(Today: “I’m very hopeful for and that is, we have many treatments that are in the works. The researchers and experts are hard at work now there’s one that’s been emergency approved by the FDA called remdesivir. I hope there will be many others and maybe by the time these larger events roll around we might be able to have a treatment that’s very effective.” Yesterday: ” if there is an effective treatment that comes out, and people can see that really you won’t get that sick if you get COVID-19. . ..” But remdisivir is an intravenous medication, only appropriate for those who are already hospitalized, and it’s not going to somehow mean that we can shift people from sick in bed to asymptomatic.)
Does that mean that, later on, if he lets go of this hope (which is, let’s face it, not that different than Trump’s hope in hydroxychloroquine), he might start to formulate more reasonable plans? Or will it simply be too late by then, as too many businesses have irrevocably shut down? And, again, I have real concerns about Illinois’ ability to implement contact tracing effectively, rather than getting bogged down in all sorts of issues, in the same way in which, for instance, even the state’s pot legalization program got trapped in programs ensuring that it was all run in an “inclusive” and “socially just” way.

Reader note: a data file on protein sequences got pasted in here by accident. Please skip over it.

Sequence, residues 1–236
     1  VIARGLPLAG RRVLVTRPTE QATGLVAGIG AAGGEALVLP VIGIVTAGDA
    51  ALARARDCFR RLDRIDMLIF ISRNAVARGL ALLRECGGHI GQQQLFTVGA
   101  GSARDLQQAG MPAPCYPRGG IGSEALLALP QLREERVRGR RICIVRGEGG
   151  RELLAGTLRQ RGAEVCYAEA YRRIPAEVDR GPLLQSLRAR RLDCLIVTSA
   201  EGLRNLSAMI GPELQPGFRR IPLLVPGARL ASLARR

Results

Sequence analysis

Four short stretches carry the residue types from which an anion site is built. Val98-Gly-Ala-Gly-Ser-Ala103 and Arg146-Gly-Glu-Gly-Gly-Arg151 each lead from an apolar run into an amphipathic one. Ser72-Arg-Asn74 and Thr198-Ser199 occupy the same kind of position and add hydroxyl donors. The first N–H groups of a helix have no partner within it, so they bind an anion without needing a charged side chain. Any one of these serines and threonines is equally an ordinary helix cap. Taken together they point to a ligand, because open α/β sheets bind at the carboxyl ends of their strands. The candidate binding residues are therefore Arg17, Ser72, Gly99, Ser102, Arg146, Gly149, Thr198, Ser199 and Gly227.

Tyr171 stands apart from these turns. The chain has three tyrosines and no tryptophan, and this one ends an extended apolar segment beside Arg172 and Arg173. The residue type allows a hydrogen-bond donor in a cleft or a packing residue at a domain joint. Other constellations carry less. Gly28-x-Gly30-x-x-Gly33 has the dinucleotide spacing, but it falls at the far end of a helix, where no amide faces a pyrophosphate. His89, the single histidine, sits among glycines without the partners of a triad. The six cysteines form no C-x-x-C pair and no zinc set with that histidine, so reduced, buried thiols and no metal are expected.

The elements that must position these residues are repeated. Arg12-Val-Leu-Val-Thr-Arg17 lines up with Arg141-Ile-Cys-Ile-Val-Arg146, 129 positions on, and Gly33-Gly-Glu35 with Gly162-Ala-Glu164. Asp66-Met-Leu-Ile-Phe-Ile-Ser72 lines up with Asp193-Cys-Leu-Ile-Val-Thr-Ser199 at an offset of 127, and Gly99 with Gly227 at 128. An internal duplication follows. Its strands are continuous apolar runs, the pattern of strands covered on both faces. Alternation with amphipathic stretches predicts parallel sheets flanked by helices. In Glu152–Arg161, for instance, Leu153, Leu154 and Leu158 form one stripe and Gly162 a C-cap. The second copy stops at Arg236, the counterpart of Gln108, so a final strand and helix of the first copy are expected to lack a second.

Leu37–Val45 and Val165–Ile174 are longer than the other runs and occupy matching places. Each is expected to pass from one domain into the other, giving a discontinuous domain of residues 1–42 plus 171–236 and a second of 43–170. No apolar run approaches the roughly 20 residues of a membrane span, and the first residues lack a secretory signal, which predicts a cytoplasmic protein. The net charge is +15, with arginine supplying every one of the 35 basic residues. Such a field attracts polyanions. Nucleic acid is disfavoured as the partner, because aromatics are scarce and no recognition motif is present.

Final two items:
the morons refusing to wear masks, and the CDC’s having caused so much distrust by their initial “masks are dumb” statements. Ugh.
And the fact that, with churches now being permitted to hold gatherings of up to 10 people, Cupich is forming a committee to start to think about a process to plan some new regulations, and in the meantime, in the Chicago area, churches remain locked, even for purposes of private prayer. Ugh.
Rant over — or, at least, I hope I can shed this aside and go back to the approach I am trying so hard to maintain, of “do what I can, accept my powerlessness otherwise.”
How are you doing?